Timothy Ellis will share about the holy wonder in each of us as we approach the holiday season. We’ll also explore taking on an Advent practice. (Similar to Lent but taking on a spiritual practice instead of giving something up).
Perri Gardner will be Worship Associate.
Presented by Don Morishita.
Worship Associate is Melody Lenkner.
Humanism is the belief that human beings are the source of meaning and values. It is a scientific search, self-correcting and open to change with new knowledge and insights. Some religious evangelists deride Humanism as a faith leading to nowhere. Humanists see humanity as having the capacity for continuted growth and development, and they accept responsibility for encouraging that growth. But, there are different types of humanism. Literary Humanism, Renaissance Humanism, Western Cultural Humanism, Philosophical Humanism, Christian Humanism, Modern, Secular, and Religious Humanism. Please join us to learn and discuss this philosophy of living.
Jon Thompson and Perri Gardner will lead a discussion about Thanksgiving.
Please join our Magic Valley Unitarian Universalist community for a facilitated conversation on the topics of tradition, community, and gratitude. Congregant Perri Gardner will lead a discussion that celebrates and critically explores the Thanksgiving holiday. Please come prepared to engage in conversation and fun activities. The themes of this service will also be relevant to two other excellent events happening in our community this Sunday, November 20th.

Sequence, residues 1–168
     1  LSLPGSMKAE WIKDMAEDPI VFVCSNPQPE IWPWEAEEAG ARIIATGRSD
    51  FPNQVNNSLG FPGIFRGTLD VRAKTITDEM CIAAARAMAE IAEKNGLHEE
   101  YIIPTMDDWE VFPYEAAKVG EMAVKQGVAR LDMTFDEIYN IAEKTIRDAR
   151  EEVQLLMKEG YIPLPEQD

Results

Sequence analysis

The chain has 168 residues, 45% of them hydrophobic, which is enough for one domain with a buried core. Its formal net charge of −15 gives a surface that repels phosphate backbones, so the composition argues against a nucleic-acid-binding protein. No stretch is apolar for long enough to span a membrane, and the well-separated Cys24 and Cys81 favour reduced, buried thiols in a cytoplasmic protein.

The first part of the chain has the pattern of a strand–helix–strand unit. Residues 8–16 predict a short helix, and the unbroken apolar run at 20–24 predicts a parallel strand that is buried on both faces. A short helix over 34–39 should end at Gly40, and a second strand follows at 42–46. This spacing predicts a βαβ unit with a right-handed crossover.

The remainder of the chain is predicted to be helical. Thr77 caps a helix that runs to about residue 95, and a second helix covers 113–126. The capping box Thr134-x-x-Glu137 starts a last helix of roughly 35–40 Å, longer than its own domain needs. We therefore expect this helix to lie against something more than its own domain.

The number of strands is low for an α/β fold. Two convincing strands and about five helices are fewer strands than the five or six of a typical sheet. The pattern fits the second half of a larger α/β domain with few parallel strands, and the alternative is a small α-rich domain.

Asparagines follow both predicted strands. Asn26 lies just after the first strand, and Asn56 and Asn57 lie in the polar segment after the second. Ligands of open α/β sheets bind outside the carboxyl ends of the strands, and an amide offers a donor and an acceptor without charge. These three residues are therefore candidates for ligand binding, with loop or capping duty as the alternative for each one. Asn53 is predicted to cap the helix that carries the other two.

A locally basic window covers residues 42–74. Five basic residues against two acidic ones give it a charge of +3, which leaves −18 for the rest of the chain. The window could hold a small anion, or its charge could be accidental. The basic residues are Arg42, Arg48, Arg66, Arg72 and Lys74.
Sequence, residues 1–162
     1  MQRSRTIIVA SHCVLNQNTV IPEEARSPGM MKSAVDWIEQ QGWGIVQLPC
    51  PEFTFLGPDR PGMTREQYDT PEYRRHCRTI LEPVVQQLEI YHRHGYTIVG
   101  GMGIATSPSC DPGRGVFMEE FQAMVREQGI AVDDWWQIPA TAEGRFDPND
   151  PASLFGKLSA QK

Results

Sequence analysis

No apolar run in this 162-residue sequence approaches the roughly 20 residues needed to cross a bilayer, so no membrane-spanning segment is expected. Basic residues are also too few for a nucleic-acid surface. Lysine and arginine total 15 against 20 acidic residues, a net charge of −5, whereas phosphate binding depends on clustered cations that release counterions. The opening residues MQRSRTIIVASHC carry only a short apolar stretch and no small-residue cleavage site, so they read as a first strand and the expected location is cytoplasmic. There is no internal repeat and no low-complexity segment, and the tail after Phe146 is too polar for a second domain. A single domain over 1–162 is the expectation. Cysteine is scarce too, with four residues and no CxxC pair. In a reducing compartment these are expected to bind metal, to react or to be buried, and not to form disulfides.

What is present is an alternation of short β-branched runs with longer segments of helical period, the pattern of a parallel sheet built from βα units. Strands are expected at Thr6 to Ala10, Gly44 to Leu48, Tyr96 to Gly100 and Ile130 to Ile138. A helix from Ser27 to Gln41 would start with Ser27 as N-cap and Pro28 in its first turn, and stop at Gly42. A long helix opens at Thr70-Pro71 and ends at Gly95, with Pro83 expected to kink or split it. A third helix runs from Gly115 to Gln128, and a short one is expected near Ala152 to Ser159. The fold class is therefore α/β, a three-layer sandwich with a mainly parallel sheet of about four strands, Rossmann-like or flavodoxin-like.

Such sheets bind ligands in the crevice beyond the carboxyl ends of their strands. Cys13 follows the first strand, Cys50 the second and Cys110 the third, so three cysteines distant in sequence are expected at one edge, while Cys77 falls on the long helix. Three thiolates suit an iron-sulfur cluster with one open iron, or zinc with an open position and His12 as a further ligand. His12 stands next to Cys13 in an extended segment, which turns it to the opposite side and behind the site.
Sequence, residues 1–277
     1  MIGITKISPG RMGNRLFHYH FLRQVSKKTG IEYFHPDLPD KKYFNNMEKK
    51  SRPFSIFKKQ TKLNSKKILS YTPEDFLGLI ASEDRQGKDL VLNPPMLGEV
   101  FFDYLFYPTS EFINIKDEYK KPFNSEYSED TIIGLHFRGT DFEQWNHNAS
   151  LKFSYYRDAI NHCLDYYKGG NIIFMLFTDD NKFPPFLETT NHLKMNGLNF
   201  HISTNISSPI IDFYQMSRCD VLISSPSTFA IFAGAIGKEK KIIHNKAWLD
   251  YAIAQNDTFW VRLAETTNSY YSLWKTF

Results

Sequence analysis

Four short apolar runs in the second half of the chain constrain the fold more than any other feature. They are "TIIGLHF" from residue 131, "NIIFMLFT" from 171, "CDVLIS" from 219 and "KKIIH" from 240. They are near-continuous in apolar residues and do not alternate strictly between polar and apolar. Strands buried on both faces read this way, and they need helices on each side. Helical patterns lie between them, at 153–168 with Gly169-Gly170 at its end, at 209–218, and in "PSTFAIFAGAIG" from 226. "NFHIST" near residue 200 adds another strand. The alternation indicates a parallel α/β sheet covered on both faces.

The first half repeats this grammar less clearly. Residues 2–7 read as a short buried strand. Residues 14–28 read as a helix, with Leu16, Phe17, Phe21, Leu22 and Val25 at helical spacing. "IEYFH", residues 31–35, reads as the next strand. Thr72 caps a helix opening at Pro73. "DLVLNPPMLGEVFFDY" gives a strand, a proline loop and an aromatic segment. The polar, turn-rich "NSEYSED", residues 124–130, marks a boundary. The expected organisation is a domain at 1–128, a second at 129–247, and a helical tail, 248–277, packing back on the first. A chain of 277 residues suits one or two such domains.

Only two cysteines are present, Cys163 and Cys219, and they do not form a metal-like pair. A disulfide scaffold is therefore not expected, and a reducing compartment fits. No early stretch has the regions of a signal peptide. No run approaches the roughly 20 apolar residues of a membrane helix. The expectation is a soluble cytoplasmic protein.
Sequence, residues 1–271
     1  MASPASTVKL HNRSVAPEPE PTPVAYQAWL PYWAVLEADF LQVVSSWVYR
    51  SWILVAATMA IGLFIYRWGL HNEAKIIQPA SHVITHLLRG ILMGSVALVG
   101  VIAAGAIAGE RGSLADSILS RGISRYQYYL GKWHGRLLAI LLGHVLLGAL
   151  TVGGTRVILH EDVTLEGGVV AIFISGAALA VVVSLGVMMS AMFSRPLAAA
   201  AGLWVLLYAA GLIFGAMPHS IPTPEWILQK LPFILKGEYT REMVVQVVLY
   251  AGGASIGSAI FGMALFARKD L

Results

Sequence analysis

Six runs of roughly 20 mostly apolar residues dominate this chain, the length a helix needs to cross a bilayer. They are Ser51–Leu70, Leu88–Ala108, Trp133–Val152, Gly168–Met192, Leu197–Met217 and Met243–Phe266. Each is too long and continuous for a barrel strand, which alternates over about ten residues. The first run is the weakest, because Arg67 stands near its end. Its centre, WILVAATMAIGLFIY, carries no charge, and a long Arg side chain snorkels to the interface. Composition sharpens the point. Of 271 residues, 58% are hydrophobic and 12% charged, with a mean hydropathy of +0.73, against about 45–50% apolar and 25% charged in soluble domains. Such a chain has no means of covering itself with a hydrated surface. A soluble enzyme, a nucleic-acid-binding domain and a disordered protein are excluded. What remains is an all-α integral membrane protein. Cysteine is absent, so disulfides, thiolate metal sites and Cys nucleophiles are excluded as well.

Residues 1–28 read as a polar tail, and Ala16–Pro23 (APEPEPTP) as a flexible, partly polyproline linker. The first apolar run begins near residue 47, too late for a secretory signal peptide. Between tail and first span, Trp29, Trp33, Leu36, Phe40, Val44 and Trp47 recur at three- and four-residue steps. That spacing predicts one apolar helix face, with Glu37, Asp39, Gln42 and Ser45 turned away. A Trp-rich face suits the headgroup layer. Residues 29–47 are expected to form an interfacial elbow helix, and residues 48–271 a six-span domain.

Please consider joining us in community at our Transgender Day of Remembrance at 3 PM (in our Fellowship at 160 9th Ave E.). Additionally, our friends at the United Methodist Church will be hosting a Thanksgiving Feast at 12:30 PM in their basement at 360 Shoshone St.
This service will not be on Zoom.
Timothy Ellis will explore Octavia Butler’s “Parable of the Sower.” We’ll look at Butler’s focus on the divine as a force for change. We’ll also bring in our Universalist ancestors who sought to focus their efforts on the present world rather than the afterlife.
Cultures of violence in Shirley Jackson’s “The Lottery” and “Weird Al Yankovich’s “Weasel Stomping Day.”
MVUUF member Jon Thompson discusses the blind adherence to tradition in the two works and the importance of using self-reflection to break free from harmful practices.
Fear is not a virtue, however understandable it may be to feel fear sometimes. Yet if we spend all our time at odds with fear as a despicable state to be avoided, we miss some clear chances to learn. How are our fears played against us, keeping us at odds with our neighbors? How are fears healthy and protective?
Perri Gardner and Jon led a discussion of democracy and autocracy.
We broke into small groups to discuss how government works.
Doughnuts and coffee were served.